On that note, I have to HIGHLY compliment CBS for putting all March Madness games online with no restrictions.  My ISP isn't on the ESPN3 list, so that's not a particularly helpful resource.  CBS is doing it right.


March 16th, 2011 at 8:34 PM ^

As for me, I watch sports exclusively on my computer.  I haven't had a TV in my house for ten years.  I cant stand mainstream media and almost all non-sports TV.  I live in Montana and obviously couldn't watch local Michigan sports even if i did.  So these sites (particularly atdhe) are the only way I get to watch a game short of going to the bar.  


March 16th, 2011 at 1:03 AM ^

less than one mile from Comerica Park and Joe Louis. The building I live in has one option for cable and no ability to get a set-top box.

I don't have FSN or Versus, nor the ability to purchase them, and for over a year I did not have the B1G Network. Streaming is MY ONLY OPTION (other than radio) for some events. 

Short of moving, there are no alternatives. I don't typically stream, but until the content providers allow live events on the Internet, people will continue to stream. 



March 16th, 2011 at 2:33 AM ^

Can anyone explain to me why the Department of Homeland Security is at all involved in such matters? If i remember right it was founded post-911 to combat terrorist attacks and natural disasters. This is really what my tax dollars are going to right now? With all the problems currently in this country we are cracking down on streaming.

(I don't feel I went on a political side? If I did I am sorry this post is not suppose to support any political allegiances.)


March 16th, 2011 at 3:29 AM ^

FWIW I don't think you got too political. The WTF comments on generic things like what you said aren't going to set off flame wars, and that's the basis of Rule 1.

To answer your question, the executive branch assigns an agency to enforce enacted legislation, sometimes the choice seems odd, but ultimately it has something to do with the stated mission for the organization. I can tell you that (at least in theory) there aren't DHS agents being pulled from finding bin Laden to seize websites streaming sporting events.


March 16th, 2011 at 8:54 AM ^

"...the executive branch assigns an agency to enforce enacted legislation, sometimes the choice seems odd, but ultimately it has something to do with the stated mission for the organization."

Show us where wiretapping US citizens for streaming video online is anywhere in the stated mission for the DHS.  When the DHS was initially formed, it incoporated 22 other agencies.  Look up the mission statements for those agencies and show us where it's authorized in any of them.

This is a horseshit waste of DHS resources.  Period.

I'd rather see my tax dollars go to breaking up these fatcat media monopolies and allowing the consumers more choices, than having DHS agents wiretap college kids or military serving in remote areas trying to keep up with their hometown sports teams.

skunk bear

March 16th, 2011 at 10:32 AM ^

"I'd rather see my tax dollars go to breaking up these fatcat media monopolies and allowing the consumers more choices, than having DHS agents wiretap college kids or military serving in remote areas trying to keep up with their hometown sports teams."


Good luck with that, since the government exists to serve the interests of the fatcat media monopolies without regard to your interests.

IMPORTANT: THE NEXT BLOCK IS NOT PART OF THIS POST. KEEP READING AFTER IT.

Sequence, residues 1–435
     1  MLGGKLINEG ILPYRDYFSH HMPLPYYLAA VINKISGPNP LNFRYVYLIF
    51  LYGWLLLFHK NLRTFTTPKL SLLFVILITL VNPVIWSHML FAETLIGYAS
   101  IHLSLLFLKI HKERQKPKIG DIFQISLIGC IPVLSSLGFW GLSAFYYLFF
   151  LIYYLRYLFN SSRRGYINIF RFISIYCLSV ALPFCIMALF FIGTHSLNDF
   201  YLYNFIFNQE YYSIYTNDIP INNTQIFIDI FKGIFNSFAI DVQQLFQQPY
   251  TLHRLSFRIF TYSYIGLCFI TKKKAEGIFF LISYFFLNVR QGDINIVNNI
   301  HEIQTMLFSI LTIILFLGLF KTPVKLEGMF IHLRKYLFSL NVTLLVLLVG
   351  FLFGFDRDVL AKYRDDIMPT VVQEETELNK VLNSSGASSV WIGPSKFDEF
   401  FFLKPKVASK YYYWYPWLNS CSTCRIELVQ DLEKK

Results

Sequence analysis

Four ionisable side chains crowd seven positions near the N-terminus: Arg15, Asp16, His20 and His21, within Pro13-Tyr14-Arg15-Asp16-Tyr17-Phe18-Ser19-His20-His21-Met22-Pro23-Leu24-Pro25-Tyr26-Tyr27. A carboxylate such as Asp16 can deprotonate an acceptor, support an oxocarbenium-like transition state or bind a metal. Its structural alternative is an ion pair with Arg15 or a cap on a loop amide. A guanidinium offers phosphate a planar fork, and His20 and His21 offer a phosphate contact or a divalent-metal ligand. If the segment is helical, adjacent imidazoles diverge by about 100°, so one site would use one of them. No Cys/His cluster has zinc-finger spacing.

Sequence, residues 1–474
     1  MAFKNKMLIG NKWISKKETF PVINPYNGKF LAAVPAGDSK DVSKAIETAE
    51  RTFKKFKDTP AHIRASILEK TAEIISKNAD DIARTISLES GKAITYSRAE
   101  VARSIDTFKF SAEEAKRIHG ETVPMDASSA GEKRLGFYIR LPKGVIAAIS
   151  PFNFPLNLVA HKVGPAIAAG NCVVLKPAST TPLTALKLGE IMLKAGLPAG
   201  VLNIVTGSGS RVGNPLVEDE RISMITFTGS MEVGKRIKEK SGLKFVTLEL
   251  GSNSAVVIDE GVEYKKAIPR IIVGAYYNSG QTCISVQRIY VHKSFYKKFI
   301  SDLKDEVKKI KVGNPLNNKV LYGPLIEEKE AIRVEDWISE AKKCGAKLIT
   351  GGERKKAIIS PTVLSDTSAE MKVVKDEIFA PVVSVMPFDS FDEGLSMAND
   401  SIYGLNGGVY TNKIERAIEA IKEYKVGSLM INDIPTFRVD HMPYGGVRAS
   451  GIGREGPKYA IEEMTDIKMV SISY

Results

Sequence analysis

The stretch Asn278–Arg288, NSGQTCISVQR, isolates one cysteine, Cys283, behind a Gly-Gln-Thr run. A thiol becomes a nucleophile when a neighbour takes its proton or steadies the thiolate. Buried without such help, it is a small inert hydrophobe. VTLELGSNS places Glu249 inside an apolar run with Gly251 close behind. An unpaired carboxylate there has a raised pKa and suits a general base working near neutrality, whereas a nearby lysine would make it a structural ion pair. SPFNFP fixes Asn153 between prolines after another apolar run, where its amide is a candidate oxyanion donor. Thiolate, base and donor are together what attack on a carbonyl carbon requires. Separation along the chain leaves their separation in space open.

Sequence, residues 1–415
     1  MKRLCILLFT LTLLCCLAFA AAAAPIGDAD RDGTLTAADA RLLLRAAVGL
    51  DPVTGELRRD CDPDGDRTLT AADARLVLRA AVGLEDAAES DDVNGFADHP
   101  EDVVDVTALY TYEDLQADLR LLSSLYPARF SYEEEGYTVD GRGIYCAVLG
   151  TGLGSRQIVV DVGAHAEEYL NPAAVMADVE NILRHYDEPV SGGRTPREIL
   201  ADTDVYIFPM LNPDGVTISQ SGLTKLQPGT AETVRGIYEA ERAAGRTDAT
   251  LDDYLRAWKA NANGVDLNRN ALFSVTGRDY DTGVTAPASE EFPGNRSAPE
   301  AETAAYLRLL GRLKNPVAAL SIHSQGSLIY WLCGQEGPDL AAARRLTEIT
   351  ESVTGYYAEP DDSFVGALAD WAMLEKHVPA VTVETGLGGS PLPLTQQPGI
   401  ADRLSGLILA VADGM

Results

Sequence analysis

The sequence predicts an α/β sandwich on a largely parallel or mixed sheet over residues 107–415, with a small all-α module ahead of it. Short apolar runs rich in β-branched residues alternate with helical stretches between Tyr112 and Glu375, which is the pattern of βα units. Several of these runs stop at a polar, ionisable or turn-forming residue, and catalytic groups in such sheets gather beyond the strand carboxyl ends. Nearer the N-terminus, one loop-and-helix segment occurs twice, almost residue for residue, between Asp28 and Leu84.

March 16th, 2011 at 10:48 AM ^

I didn't say it always made the most sense, but somewhere in those missions there was something related, or there were capabilities implied in those mission statements that made DHS look like the best idea. I believe in this case it was ICE. I don't think this is a great use of resources either, but that is the explanation.

MI Expat NY

March 16th, 2011 at 11:01 AM ^

You're right, Immigration and Customs Enforcement is the agency generally in charge of enforcing copyright laws.  People need to not get hung up on seeing DHS thrown out there.  The DHS is generally just an umbrella group of executive branch organizations that don't fall under the Depts. of Justice or Defense.  It has many functions outside of what it's name is supposed to represent: stopping terrorism.  


March 16th, 2011 at 3:13 AM ^

I don't understand why the cable networks don't just take it into their own hands, and provide FREE streams for every sport they cover.  If they provide it themselves, they can still make bank off of advertising and don't have to worry about spending hundreds of thousands of dollars trying to cut off every stream on the internet.

CBS is doing a phenomenal thing by providing streaming for every NCAA Tourney game, so why can't they do it in everything else also?

Until there's a better option, sometimes my only choice is to resort to illegal stream.


March 16th, 2011 at 3:34 AM ^

Agreed. I don't understand that at all. Not only would they have more eyes on advertisements, they could also pitch ad spots with much larger numbers in some cases, and also with much more specific numbers.

I have to think that the schools with huge, national fanbases would provide a substantial raise in both ad clicks and eyes on commercials if offered in streaming format. As for the smaller ones, how much can it really cost to stream those events as well? Especially when talking about networks that pay huge money for the rights to air their games in the first place.


March 16th, 2011 at 9:14 AM ^

Less leverage with cable operators to secure a high price / maximal distribution.